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Brazilian Journal of Medical and Biological Research

On-line version ISSN 1414-431X

Braz J Med Biol Res vol.47 no.5 Ribeirão Preto May 2014  Epub Apr 11, 2014

http://dx.doi.org/10.1590/1414-431X20142937 

Biomedical Sciences

Global microRNA profiles and signaling pathways in the development of cardiac hypertrophy

H.J. Feng1 

W. Ouyang1 

J.H. Liu1 

Y.G. Sun1 

R. Hu1 

L.H. Huang1 

J.L. Xian1 

C.F. Jing2 

M.J. Zhou2 

1Department of Nuclear Medicine, Zhujiang Hospital, Southern Medical University, Guangzhou, China

2National Engineering Research Center, South China Sea Marine Biotechnology, Sun Yat-Sen University, Guangzhou, China

ABSTRACT

Hypertrophy is a major predictor of progressive heart disease and has an adverse prognosis. MicroRNAs (miRNAs) that accumulate during the course of cardiac hypertrophy may participate in the process. However, the nature of any interaction between a hypertrophy-specific signaling pathway and aberrant expression of miRNAs remains unclear. In this study, Spague Dawley male rats were treated with transverse aortic constriction (TAC) surgery to mimic pathological hypertrophy. Hearts were isolated from TAC and sham operated rats (n=5 for each group at 5, 10, 15, and 20 days after surgery) for miRNA microarray assay. The miRNAs dysexpressed during hypertrophy were further analyzed using a combination of bioinformatics algorithms in order to predict possible targets. Increased expression of the target genes identified in diverse signaling pathways was also analyzed. Two sets of miRNAs were identified, showing different expression patterns during hypertrophy. Bioinformatics analysis suggested the miRNAs may regulate multiple hypertrophy-specific signaling pathways by targeting the member genes and the interaction of miRNA and mRNA might form a network that leads to cardiac hypertrophy. In addition, the multifold changes in several miRNAs suggested that upregulation of rno-miR-331*, rno-miR-3596b, rno-miR-3557-5p and downregulation of rno-miR-10a, miR-221, miR-190, miR-451 could be seen as biomarkers of prognosis in clinical therapy of heart failure. This study described, for the first time, a potential mechanism of cardiac hypertrophy involving multiple signaling pathways that control up- and downregulation of miRNAs. It represents a first step in the systematic discovery of miRNA function in cardiovascular hypertrophy.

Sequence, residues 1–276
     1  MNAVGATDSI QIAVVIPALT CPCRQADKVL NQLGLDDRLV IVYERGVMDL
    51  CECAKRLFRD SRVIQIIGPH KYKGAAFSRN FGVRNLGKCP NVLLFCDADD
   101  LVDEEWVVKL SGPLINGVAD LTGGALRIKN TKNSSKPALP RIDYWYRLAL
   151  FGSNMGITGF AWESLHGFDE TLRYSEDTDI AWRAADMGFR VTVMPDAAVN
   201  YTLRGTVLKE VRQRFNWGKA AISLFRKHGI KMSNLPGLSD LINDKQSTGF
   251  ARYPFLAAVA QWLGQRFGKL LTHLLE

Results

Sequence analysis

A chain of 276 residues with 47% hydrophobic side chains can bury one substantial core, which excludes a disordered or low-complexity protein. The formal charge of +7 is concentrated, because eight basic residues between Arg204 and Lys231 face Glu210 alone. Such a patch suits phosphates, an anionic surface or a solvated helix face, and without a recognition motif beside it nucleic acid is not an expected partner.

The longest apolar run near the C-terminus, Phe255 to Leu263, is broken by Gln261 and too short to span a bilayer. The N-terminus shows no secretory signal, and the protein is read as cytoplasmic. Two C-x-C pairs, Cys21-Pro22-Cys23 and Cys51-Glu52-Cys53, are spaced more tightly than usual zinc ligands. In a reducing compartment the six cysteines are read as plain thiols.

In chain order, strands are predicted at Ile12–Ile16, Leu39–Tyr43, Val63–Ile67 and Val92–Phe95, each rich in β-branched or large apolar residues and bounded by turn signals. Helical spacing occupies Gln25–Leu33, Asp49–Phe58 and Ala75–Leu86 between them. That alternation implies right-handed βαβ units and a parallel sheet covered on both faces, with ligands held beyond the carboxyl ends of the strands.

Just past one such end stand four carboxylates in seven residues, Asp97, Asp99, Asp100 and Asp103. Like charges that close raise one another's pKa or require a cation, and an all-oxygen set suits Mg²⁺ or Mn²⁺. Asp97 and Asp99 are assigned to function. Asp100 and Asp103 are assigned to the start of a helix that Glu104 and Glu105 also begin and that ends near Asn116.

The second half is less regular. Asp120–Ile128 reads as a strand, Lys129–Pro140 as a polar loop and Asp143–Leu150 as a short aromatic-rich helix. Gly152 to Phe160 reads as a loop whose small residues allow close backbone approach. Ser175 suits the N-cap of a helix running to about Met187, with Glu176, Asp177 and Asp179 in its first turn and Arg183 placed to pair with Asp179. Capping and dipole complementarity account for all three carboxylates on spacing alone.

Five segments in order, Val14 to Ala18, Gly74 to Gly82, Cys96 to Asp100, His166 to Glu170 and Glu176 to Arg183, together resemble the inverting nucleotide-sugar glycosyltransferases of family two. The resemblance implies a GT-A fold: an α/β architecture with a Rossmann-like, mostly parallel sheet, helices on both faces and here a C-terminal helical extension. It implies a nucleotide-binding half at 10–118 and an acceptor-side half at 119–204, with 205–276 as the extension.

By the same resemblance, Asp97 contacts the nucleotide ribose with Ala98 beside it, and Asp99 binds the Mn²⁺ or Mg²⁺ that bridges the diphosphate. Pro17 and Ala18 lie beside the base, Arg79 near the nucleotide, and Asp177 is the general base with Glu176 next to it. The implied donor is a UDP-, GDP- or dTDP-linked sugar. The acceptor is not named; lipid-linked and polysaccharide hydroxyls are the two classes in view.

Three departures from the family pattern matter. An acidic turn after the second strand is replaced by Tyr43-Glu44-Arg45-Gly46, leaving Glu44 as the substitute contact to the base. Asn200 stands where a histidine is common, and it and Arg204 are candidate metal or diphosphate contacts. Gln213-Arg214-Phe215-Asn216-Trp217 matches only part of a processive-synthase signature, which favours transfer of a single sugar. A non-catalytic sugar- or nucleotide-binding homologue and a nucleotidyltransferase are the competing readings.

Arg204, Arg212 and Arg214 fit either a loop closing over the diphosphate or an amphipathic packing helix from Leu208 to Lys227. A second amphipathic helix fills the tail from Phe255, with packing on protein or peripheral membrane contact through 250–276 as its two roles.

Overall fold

Key words: Cardiac hypertrophy; Signaling pathway; Biomarker

Introduction

Heart failure is the major cause of morbidity in the elderly (1). Cardiac hypertrophy is an adaptive process of various cardiovascular disorders including heart failure (2). The major identifying characteristic of cardiac hypertrophy is the abnormal growth of cardiomyocytes, which leads to heart failure and even sudden death (3,4). MicroRNAs (miRNAs) are short noncoding RNAs that negatively regulate gene expression at the posttranscriptional level, providing a novel mechanism of gene regulation (5,6). Some miRNAs are specifically present in certain tissues or cell types such as the heart, while others not restricted to the heart can also have heart-specific roles. For example, miR-1, miR-133a and miR-133b, which are highly expressed in the skeletal muscle and in the heart, are induced and function during muscle differentiation (7). However, several open questions remain regarding miRNAs and their role in cardiac hypertrophy. 1) What is the fine-expression pattern of miRNAs during pathological hypertrophy? 2) Which miRNAs are involved in cardiac hypertrophy-specific signaling pathways? 3) How do miRNAs interact with these signaling pathways? To better understand the relationships between miRNAs and cardiac hypertrophy-specific signaling pathways, transverse aortic constriction (TAC) surgery was performed in rats to identify cardiac hypertrophy-specific miRNAs using an miRNA microarray screening approach. The relevant miRNA/mRNA signaling pathways were also analyzed using bioinformatics tools.